Hope Star from Hope, Arkansas on September 15, 1938 · Page 3
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Hope Star from Hope, Arkansas · Page 3

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Hope, Arkansas
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Thursday, September 15, 1938
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Page 3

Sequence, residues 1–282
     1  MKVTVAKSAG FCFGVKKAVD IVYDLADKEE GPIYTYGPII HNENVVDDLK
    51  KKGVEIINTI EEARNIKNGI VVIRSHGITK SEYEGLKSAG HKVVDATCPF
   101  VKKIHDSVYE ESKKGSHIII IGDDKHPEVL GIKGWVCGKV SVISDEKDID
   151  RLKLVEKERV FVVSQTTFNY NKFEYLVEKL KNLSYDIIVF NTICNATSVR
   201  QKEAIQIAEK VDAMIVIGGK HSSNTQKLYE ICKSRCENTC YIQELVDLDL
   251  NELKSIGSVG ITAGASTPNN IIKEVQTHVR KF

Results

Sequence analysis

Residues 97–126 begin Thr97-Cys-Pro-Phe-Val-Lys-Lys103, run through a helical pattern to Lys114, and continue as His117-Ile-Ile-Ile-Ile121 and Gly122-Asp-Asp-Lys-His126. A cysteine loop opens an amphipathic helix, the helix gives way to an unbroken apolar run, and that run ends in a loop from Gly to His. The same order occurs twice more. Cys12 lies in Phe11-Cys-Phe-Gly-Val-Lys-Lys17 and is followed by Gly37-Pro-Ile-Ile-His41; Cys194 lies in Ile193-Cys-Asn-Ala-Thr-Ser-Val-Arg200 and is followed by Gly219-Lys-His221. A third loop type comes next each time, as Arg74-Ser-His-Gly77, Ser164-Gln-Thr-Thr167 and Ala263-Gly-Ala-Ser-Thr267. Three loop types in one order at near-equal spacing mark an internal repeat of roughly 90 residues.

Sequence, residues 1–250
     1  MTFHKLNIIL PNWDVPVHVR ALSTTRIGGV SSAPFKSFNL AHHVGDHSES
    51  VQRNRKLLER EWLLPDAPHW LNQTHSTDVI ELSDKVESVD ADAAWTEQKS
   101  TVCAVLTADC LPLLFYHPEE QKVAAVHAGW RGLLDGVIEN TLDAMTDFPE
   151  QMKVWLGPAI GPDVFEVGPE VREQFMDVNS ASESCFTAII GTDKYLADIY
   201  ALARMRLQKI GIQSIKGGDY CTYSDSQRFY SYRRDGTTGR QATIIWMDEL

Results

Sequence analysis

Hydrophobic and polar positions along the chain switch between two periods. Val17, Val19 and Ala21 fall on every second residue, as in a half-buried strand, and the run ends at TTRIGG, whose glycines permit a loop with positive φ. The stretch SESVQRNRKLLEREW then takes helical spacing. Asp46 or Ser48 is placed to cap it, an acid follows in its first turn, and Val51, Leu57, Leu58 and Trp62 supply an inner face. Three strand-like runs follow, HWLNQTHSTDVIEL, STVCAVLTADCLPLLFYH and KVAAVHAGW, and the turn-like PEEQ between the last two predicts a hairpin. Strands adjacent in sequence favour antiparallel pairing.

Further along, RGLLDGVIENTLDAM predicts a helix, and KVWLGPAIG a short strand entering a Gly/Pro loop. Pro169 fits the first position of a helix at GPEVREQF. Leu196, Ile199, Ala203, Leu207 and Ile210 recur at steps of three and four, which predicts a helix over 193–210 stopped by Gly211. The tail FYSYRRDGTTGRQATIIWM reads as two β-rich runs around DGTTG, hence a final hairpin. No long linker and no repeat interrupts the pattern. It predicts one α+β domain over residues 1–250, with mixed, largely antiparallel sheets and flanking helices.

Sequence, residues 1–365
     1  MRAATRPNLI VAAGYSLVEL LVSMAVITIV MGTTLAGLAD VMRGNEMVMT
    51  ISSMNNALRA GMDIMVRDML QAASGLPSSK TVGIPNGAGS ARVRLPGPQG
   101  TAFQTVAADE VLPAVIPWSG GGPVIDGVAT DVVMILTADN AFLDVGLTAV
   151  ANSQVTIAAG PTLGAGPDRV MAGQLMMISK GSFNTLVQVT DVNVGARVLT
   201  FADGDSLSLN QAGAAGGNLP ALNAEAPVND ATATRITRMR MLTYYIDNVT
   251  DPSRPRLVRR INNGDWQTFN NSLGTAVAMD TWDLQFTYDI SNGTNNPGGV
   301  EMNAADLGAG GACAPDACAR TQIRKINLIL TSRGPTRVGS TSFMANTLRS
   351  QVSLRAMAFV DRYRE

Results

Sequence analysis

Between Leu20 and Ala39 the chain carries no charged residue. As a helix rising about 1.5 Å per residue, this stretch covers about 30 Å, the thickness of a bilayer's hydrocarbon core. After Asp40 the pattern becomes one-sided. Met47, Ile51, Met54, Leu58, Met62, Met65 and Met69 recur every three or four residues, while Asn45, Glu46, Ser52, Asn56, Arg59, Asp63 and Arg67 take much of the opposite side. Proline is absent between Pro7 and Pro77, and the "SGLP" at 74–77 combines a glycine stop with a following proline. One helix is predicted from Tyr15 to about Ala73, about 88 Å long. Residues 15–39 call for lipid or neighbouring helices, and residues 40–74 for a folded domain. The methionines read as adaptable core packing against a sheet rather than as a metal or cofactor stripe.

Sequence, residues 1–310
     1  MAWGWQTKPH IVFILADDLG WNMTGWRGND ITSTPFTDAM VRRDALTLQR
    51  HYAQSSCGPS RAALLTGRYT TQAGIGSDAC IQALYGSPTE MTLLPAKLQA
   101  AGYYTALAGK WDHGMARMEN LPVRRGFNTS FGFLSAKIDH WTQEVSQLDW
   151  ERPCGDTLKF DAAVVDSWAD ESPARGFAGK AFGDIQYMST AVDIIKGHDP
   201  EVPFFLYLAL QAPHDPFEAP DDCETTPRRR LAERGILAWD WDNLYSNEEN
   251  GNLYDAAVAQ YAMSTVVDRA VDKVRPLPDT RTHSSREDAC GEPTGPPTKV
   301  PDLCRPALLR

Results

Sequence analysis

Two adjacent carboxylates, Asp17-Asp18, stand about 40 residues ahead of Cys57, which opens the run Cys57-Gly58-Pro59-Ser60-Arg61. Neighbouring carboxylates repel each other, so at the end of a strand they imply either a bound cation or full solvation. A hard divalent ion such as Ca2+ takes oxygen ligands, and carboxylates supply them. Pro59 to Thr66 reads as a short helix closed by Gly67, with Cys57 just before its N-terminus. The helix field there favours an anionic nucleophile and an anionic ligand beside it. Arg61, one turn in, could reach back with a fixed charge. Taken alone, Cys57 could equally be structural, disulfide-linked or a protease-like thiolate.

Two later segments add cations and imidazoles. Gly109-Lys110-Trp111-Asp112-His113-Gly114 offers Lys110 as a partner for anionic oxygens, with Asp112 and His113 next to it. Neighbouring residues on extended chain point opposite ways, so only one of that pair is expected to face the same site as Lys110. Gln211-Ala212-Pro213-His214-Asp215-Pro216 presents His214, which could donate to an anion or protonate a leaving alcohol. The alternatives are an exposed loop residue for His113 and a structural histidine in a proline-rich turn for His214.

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Thursday. September 15, 1938 Money isn't needed lo enjoy a flow Wing tree; Thc beauty of a landtaipe for evcrv man is free. And who bcholdi a gt.rdcn. thougl merely passing by, Has a right to share its splendor which iUs owner can't deny. A man may tramp (he woodlands as i they were- his own. About the bounds of nature no gruesome walls are thrown; And if he's fond of dreaming where fretful cares are lost, A river bank awaits hiinal very lilllc cost. Lasting joys are gratis; who turns hit eyes to see The glory of (lie sunri.se will not be charged a fee. Good books there are for reading, good ' ^ friends (here are for piny. Each offers countless pleasures for . which we need not pay. With very litlle money, despite the pain and strife, A man can grow in wisdom and lead a happy life.—E. A. G. Mrs. Orville Erringer of Dallas, Juxas. is spending this week visiting With her mother, Mrs. Aline Johnson "lid other re I.-i lives and friends. Olin Jones left Sunday for Arkadcl- phia lo enroll in Henderson State Teachers College. '.Captain ami Mrs. Robl. Ve.scy and daughter. Betty, have returned lo S. D., after a visil with THUR. All Seats Children Drama Allome with the Thrill of Flight...Alive with the Beat of Human Hearts I CHESTER FONTAINE/ 1DV /Mir\f-ufitfT HARRY CAREY?* CUILFOYLE Mr. and Mrs. H. Q. Bridewell am Mrs. Vcscy-Crutchfield. Miss Joiin- ncllc Vcscy has enrolled «t the University of Arkansas, Faycllcvillc, foi thc coining term. -O- Miss Johnny Boycll has returned from a few days visit with relatives in Houston, Texas. Much lo the regret of (heir many friends made during their short stay in our city, Mr. and Mrs. Burnus Payne will leave Saturday for residence in Joncsboro Mrs. John Vcscy has spent Ihc past two weeks visiting wil |, rc |,, (ivcs j,, San Antonio, Texas. Mrs. W. W. Duekcll had us Wednesday gije.sls. her nciccs, Mrs. Ernest Hiilcomb of Texarknna, and Mrs. Hal Crook and Misses Emma Holman and Linah Denson of Idabcl, Okla. Mrs. Dale Dildy and little son, Dale Jr.. of Little Rock arc guests of Mr. mil Mrs. C. H. Moxley. % of Fomlfict Showing Who Makes the Money .97 1.74 1.37 4.02 4.47 8.38 14.42 22.95 27.47 10.26 3.95 T III UIU 30 lull UlliUU mnnnm I I IUIUIU umuii iimaiii 20 Eoch $10,000 and over $5000-10,000 $4000-5000 $3000-4000 $2500-3000 $2000-2500 $1500-2000 $1000-1500 $500-1000 $250-500 Under $250 % of All Poinilv? Irtcoma to PCr , ' °' , o represents I- per cent of oil family income/or $476,792,380 dl (omilics ' °' 294,000 fomllies Hope chapter No. 328 0. E. S will lold its regular ir.oeting at 8 o'clock TJiin-sd.-iy night at thc Masonic Hall. A full allendunce is urged as business 'f importance will come before Ihc nceting. Travis Lone Choke Hitter WASHINGTON-Ccdl Travis, Washington s .youthful shortstop, is thc only choke hiller in the American League halting nice. Although he is a lefthander, Travis directs most of his drives to left field. He accomplishes tins despite the fuel I hat most pitchers throw inside lo him. Hucky 1-fnrri.s tried to leach Travis lo pull drives lo right field, but gave it up as a bad job last .season. When fie allowed the youngster to hit in his natural manner. Travis began to move up and wound up in 19:17 wit |, ., lnurk "f .M. Budge Is Bflli-r FORREST HILLS-Sidncy B. Wood Jr., having exchanged practice shots with Ellsworth Vines and compotcc against J. Donald Budge, was asked to compare the tennis leaders. "BudRc would win seven out of 10 matches from Vines," replied the erstwhile darling of Seabright. A BIG ONE ~ Brought Back! TJIUK. and Kill. OINr.KK ROGERS KATII. HEPBURN "STAGE DOOR" QUALITY MEATS Poultry and Seafoods We invite you to call, inspect or see our SANITARY MARKET, carrying a complete line off K. C. and Native Beef, Pork and Lamb; also Poultry, Fish and Oysters. Wilson's Tenderized Hams, and other meat specialties at all times. We are in a position to please the most discriminating, and you are cordially invited to give us a trial. STEAKS K. C. Sirloin ,i29c Choice Lamb LEG or CHOPS TALL KORN Meat Market Free Prompt Delivery Phone 767 By NEA Sen-fee A glance at thc accompanying charts vill .show you just where your own family fits into thc national income picture, and who's in the same class with yourself. ' Part of "the most complete picture ever presented of thc division of the notional income among the American people," these charts arc derived from the four-year study of thc National Resources Committee. . ; The large chart shows the income of all U. S. family units. That means 01 per cent of „]! Hie people, for the 29.400,300 families in, thc Country include 116.000,000 people. , Only about 10,000,000 men and women live independently as "one-person families " Note that 1,162,800 families had an income of 5250 or less (luring the year 1935-36. They .totaled 3.95 per cent of all families, but their toUil income of $135,836,000 was only 0.28 per cent of national incbmc. As thc income, brackets rises, (he percentage of families in the bracket and their percentage of thc national income tends to grow closer together. Somewhere between $750 and -1250 a year, they closely coincide. But note how, above ?10,000 a year, fewer thnn 1 per cent of the farm 11 its arc getting 13..18 per cent of the income. It is from other alignments of these basic figures that thc committee drew the conclusion that one-third of all -C •FARMING .(6,1GG,000) WAGE-EARNING (9,453,300) CLERICAL (3,020,200) INDEPENDENT BUSINESS (2,372,700) SALARIED PR9fESSIONAL (989,200) SALARIED BUSINESS (1,112,600) INDEPENDENT PROFESSIONAL (340,900) Average Income Each dollar (igm;e above equals $1000 on annual income. families and individuals receive income less than $750, and that one-tenth of the aggregate income supports almost lino whole lower third of families and individuals. The smaller table shows that while the income of wage-earners and farmers was almost thc same, other groups received a much higher proportionate sha ro. thc United Slates men's archery champion ship and has been known to shoot an arrow 400 yards. The "little boy" is a big boy, big enough to answer a challenge whic had found an empty response in Holly wood. The daredevil who will risk hi brow for the glory of thc cinema i Capt. Fred G. Somers. It nil started when Pete Smith, th voice behind the sports subjecls whicl you see on the screen, decided to pro ducc a photoplay giving the archery game its proper niche in the sport ing thc archery game its proper niche in Ihc sporting world. Now, it might be fun to have cide jucc drip into your eyes when th apple is split in twain. But supposing the usually realiblc Hill shoulc have camera fright and miss? None of Pole's regular crew seemed lo want the job. So Smith advertised for his man. For a long lime Ihe job wcnl begging Jusl when hope was waning, in walked Captain Somers. He got thc assign- Now This Won't Hurt a Bit menl—and probably a regular job" if ic makes good. So Hill will stand away at a con- iderable distance and let 'or zing. And he cinema fans who sec the subject, 'Follow thc Arrow," will probably ?asp at the archer's marksmanship. There may not be much appluse for -aptain Sumers. But there'll be plen- y of hand-clapping for him around lie movie lot. MovleUml's William Tell Is. Howard Hill, noted archer, pictured at left above with his bow and arrow, who'll shoot the apple target off the cranium of Capt. Fred G. Somers. The feat will be used in * short picture entitled, "Follow the Arrow." THURSDAY and FRIDAY "The Higgins Family" With JAMES, LUCILLE and RUSSELL GLEASON A Pete Smith Short and Musical Comedy A W On Stage—Friday "THE SUNSHINE BOYS" of Station KWKH NEW FALL SHOES By TWEEDIE LET'S TRY THEM ON LAPIES Specialty Shop Hollywood— They're going to recreate a piece of hazardous folklore in thc inovie capital, all for a movie seo.- cncc that will occupy only a few moments on the suTH'n. Once again it' William Tell, archer cxtaordinary, .shouting the apple off a boy's head. Only the modern Wilam Tell is Howard Hill, exponent of thc bow-and-arro\v art who once held Explain Bone Cases NEW YORK-Dr. Robert E. Walsh team physician for thc Yankees, and Trainer Earle Painter have collaborated in advancing information on why (here have been so many chipped bone cases among major league pitchers. "Many ball players have such great muscular strength," explains Dr. Walsh, "that their bones are unable 'to stand thc pressure to which they are subjected. Their muscles and ligaments don't break down, but the bones to which thc ligaments arc attached, do. "Pitchers injure their elbow joints 4y constant jerking on the ligaments •those frequent jerks tend to pull thc ligament away from the bone, and in so doing the ligament pulls with it .iniall slivers of the bone itself." Painter, summing it up in other language, says it's a case of thc engine generating the throwing power being loo great for the chassis to stand. A barrel cactus is more thnn 90 per 1 cent water. MIND Your MANNERS T. M. Rtg. U.-S. p,(_ oai Test your knowledge of correct social usage by answering the following questions, then checking against the authoritative answers below: 1. Should you carry on a personal conversation in an elevator? 2. At a reception in honor of someone, is it best to keep the conversation as nearly as possible on Iho person being honored? 3. May you carry on a conver- salion at a funeral if it j s about the deceased person? lAftcr you have received a com- phmenl, is it wise to shift the con- vcrsalion from yourself? 5. Should you return a compliment with a like compliment. What would you do if— You have a friend who always insists upon monopolizing the conversation? Invite her— (a) When there will not be others present? (b) Only to teas, buffet suppers and receptions? (c) To dinner parties so that the can relieve you of conversational responsibilities? Answers 1. No. 2. Yes. 3. No. 4. Yes, but not abruptly su zui lo be evident. 5. No. Bcsl "What Would You Do" so- lution—fa) or (b). Chamberlain Flies (Continued from Page One) cd in northwest Bohemia. One of the mo.st serious outbreaks occurred at Echwaclcrbach. a town di" Cn nn y e° n , ihc Gor » la » border, where c.OOO Sudeten Germans attacked and occupied a gendarmerie station. The attackers were said to have moved in from German soil. Just before midnight Schwaderbach was reported to be in the possession of Czechoslovak troops after fighting m which several were killed The military was said to be in conlrol Frivalc reports said, however, that 40 Czech gendarmes had been kid- naped at Schwaderbach and taken nto Germany. They were reported to lave been captured by Sudeten Germans as they rushed to the scene of ighting in a truck as reinforcements A Czechoslovak government radio Broadcast described the arms of the horoughly organized for action bordering on rebellion. The official report of the clash at Schwaderbach "A very serious incident occurred at' he frontier opposite thc German city) of Sachsenbcrg. The situation is particularly serious because the element raising Czechoslovak authorities are armed not only with rifles and pistols; but with hand grenades and machine- guns probably obtained from abroad The elements combating authorities 1 (at Schmaderbach) were in a situation' which enabled them to cross the in-' tcmational border at will. There was loss of life, but the authorities pro-' cecdcd cautiously to prevent greater! loss and because they did not wish to risk creating im international inci- Three Times ami Out BROOKLYN IT^n Babc Pho , fractured his finger against thc Phillies recently, it was thc third time this season that he received the same injury. He may return home before the .season ends. ^MMKMB^^ 59c I THE PEN THAT MAKES WRITING A PLEASURE FRIDAY and A II I V SATURDAY U H L I This Certificate Is Worth $4.41 59c wi li r^V',', iricllU! iuul 5!)c t '" tiUt!i "'c hearer to one of our Genuine Indestructible S5 00 ^CKIfSS TOUNTAIN PENS. Visib.e Ink Supply. You SEE the Ink A lifetoe pen. Sizes for ladies, men, boys and girls. This pen will not leak, blot or break. FILLER with each THE NEW I'LUNGKK l''JLLEK-VACLUM ZIP—ONLY ONE PULL AND IT'S FULL ! You 'INTRODUCTORY ADD lit- Extra for Mail Also 51.51) Pcucils to Match Above Pens, only 29c RELIABLE - PRESCRIPTION Phone 84 SPECIALISTS **» v Y4.UV j, viM-UO IU lUiUtll /VUO John P. Cox Drug Co, LIMIT 3 Pens to Each Curtifloitp .»«^»;>v '•-, j ^>-r « , f^:> : '."• • ,..•. * -.\ > •. , <><V$X, £_, ^ ^;*i'-' ->*^ ^, On Your 'MUST SEE" List— V ^",7;."'^ • •'M from DUGGAR'S Archer Howard Uill is pictured above drawing a bow-ana- arrow beat! at the apple on Caplain Soiaers' bead, -• You must sec these frocks to appreciate their chic individuality, their young sophistication . . . and their low budget prices arc heaven-sent! $^95 PAGE THREE Retail Trade Goes Up for September Unexpected Gain in Retail Sales Begins After ' Labor Day NEW YORK-C/rV-A striking upturn in retail business was reported Wednesday by several score of the nation s leading department stores. In all parts of the country selected bigi stores, with few exceptions, told the Associated Press their sales so far in September were rapidly approaching or had already broken through the levels of September. 1937, which averaged the highest of last year, allowing for seasonal factors. The sharp and partly unexpected rise which began Labor Day, marked a complete reversal of the downward trend of last winter and was heralded as the forerunner of the autumn busi- icss upturn predicted by many economists. Estimates of the increase of post- Labor Day business compared with that same period in 1937 ranged up to' 30 per cent or more in a few instances Many of those sporting indicated Increases of 10 to 15 per cent. Big Chicago mail order houses said they were now dojng business equal to the September, .1937, peak, whereas they had expected to be not less than 10 per cent under that figure at this time. Those stores that did not yet show an increase over 1937, again with few exceptions, reported a swiftly declih* mg rale of losses, In the heavily populated Northeastern part of the country especially where cool weather was fairly general, mercantile business jumped in the past fortnight as shoppers hastened to buy warmer clothing and school outfits. STUFFY HEAP A few drops... and you breathe again!' Clears clogging mucus, reduces swollen membranes—helps keep sinuses open. VlCKS VA-TRO-NOL FRIDAY AND SATURDAY Clearance Sale COTTON Wash Frocks And Linen Blouses At a Special Price of Only C Shop Early For Best Selections Ladies Specialty Shop John P.fCox Drug Co. r Phone 84 We Give Eagle Stamps St0T€ 3 You may buy cheaper dresses—or tet- ter dresses—We have both! But NOWHERE else have we scon these quality dresses with their glorious styling —at prices that even approach 53.95! Football Tim* h H»rt Again! St»rl ihe teMon with • BronkoNagurtki, Jr. FOOTBALL Already 1 Inflated . . . * ll'i just the ball for young players. Packed in a colorful box with the BronVs history. Full Vition BREAD TOASTER 222 Long life* mica element. Chrome I ebony /in- ih. Mattercraft ELECTRIC IRON 222 Full iize with autq.^ ma tic heat indicator MALTED MILK COD UVElTdlL Plain or Choc. Mb. Jar . . Olafsen PINT . Get to Work on Time! AU3M CLOCK Model Guarantecd.Choice | of colort. NEW FALL GIFTWEAR BOUDOIR LAMPS $4.08 to 98c A Variety of Shapes and Designs. OOIJIE JARS $1.59 large size, hand painted. WIRA METAL WATER PITCHER 9Sc Refreshment Set §1.5!) Complete with 6 glasses and shaker, assorted colors, "Scottic" Book-Ends, pr .. 9Sc | Blue or green Fully Guaranteed WATER BOTTLE Monarch (5 Brand . jjj Made of fresh rubber in one piece. Bring 'On — The Kiddies! Tiny Babes—Toddlers Kindergarteners Tiny F'ink new arrivals—or Teen-agers and in-belweoii.s— You may now dress them from inside out at Duggar's— DUGGAR'S Children's, Misses', Women's Ready-to-Wear Misses and Women's Shoes JWLK MAGNESIA S 29 STATIONERY 8S TRY THE NEW AIRMAID HOSE New 2 thread extra sheer in latest fait shades. $ 1 .00 pr. Consult Your Doctor Wo More Acid '<& indigestion BISMAOINE 5-az. Cf\ r Site . .*)Q Counteracts excess adds (h often cause fooling bad see your dxu-toi (lien bring U s your ioJis. Over a quarter million prescriptions fili- «l. Three rogislov- c d druggists o n